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Every child has that moment in their life in which for the first time in front of their sibling or a friend they are able to clearly articulate their hearts desire. This moment often arrives when two kids are looking to play with a toy. One of the kids grabs the toy and the other declares their hearts desire with a single word - "Mine."

My dog does this with tennis balls.

Gollum/Bilbo/Frodo do this with the ring of power.

There is just something in us that craves to have and hold things to ourselves and not share with anyone.

Something similar is going on here in Matthew 19:23-24

MATTHEW 19:23-24

Jesus has just told a rich, young ruler that if he wants the best possible experience of life he should sell everything and follow him.

The text says the rich, young ruler walks away sad because he had a lot of stuff.

Then Jesus says this to the disciples:

23 ..."Truly I tell you, it is hard for someone who is rich to enter the kingdom of heaven. 24 Again I tell you, it is easier for a camel to go through the eye of a needle than for someone who is rich to enter the kingdom of God.”

Without going into too much details, in verse 24 Jesus is probably, possibly referring to a small hole-in-the-wall entrance into a camp after the main gate was closed. It was designed to keep the right things in and the right things out. A camel would have to bend low and would need the help of others to get through.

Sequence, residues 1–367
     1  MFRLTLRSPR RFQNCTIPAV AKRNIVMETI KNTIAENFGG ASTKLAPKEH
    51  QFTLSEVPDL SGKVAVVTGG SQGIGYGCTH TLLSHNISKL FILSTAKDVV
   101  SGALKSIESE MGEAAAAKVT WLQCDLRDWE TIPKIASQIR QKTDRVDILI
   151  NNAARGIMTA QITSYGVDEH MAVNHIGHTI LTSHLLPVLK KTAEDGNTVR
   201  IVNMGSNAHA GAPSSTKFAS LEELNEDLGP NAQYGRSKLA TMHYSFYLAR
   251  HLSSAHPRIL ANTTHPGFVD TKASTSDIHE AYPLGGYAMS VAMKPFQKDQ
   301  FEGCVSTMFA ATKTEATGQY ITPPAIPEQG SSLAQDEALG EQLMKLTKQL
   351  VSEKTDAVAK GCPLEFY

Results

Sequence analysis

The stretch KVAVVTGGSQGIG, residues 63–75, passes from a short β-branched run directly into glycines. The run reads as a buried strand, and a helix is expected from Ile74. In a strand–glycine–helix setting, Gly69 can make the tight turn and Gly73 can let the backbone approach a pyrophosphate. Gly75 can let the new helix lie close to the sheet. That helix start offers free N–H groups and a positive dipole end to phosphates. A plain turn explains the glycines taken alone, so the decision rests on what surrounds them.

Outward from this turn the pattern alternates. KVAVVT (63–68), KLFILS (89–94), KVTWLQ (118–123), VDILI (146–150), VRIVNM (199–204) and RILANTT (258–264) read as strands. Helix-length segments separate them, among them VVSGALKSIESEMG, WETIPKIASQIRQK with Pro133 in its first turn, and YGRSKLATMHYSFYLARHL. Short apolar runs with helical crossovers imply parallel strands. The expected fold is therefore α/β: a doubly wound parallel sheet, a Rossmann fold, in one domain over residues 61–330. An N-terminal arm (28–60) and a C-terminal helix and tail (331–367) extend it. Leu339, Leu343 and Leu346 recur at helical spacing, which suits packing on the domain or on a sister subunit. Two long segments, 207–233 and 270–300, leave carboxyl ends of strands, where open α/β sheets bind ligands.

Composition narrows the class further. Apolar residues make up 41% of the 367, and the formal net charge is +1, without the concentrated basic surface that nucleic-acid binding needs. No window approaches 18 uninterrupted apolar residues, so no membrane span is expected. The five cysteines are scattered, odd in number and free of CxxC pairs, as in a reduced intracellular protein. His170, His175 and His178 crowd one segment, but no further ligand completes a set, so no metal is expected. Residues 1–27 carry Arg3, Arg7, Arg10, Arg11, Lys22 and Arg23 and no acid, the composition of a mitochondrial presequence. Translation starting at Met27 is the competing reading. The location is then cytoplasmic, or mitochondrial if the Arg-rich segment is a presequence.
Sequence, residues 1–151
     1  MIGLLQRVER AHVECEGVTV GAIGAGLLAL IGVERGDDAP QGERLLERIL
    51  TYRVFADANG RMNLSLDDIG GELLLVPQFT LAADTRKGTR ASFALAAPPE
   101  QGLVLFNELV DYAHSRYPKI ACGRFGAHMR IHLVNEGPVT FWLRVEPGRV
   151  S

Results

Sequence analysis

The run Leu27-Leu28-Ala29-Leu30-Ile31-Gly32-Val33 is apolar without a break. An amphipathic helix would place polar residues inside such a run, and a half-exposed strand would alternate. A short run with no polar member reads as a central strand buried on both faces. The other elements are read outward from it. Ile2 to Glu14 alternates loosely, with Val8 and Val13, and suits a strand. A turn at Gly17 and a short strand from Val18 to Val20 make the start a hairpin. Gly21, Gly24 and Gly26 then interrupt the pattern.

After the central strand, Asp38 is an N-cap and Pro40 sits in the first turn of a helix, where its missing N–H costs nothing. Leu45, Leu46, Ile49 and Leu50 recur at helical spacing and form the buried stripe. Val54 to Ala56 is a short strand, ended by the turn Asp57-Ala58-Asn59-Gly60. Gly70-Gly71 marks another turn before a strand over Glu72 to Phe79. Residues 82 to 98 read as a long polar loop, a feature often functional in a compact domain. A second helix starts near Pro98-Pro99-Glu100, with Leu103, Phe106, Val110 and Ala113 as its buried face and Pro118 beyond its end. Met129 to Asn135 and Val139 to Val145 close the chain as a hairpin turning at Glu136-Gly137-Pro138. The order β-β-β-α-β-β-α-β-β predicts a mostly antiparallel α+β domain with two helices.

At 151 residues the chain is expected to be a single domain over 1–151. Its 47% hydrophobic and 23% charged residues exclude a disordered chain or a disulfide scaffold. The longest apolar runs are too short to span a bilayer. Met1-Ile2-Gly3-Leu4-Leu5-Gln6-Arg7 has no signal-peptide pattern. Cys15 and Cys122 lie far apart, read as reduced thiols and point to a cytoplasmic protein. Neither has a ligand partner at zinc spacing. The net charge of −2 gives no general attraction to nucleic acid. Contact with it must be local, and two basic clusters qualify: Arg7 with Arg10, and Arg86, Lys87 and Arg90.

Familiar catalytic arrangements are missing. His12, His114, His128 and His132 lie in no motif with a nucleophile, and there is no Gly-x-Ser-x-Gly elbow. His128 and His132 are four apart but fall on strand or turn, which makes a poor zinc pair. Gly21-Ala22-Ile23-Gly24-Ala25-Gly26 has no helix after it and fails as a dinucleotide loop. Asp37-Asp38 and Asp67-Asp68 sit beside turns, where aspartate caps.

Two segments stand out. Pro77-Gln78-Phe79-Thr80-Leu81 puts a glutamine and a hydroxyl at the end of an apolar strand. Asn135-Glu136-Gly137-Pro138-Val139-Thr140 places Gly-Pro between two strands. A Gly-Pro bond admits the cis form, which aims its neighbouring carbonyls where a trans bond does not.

In other words, there's a way - but it's not easy. He echoes this kind of teaching about discipleship in general when he says, "The road is broad that leads to destruction, but the road is narrow that leads to life."


The primary issue with the rich, young ruler is not (as the old phrase goes) that he had riches, but instead that his riches had him. He was unwilling to depart from them. Jesus says, there's a way that leads to life but it requires generosity and humility (not poverty). It requires asking the Lord to make you generous and asking the Lord to make you humble.

This kind of rich-being-generous life is also scattered throughout the New Testament:

  • Zaccheus and Jesus
  • Joseph of Aramatheia and Jesus
  • James writes to encourage the wealthy among you to be generous
  • Etc.

In conclusion, these teachings of Jesus on riches don't invite us into or glorify or life up as a standard a life of poverty. On the contrary, Jesus invites people to increase in wealth, riches, and stewardship while having wildly open hands of generosity.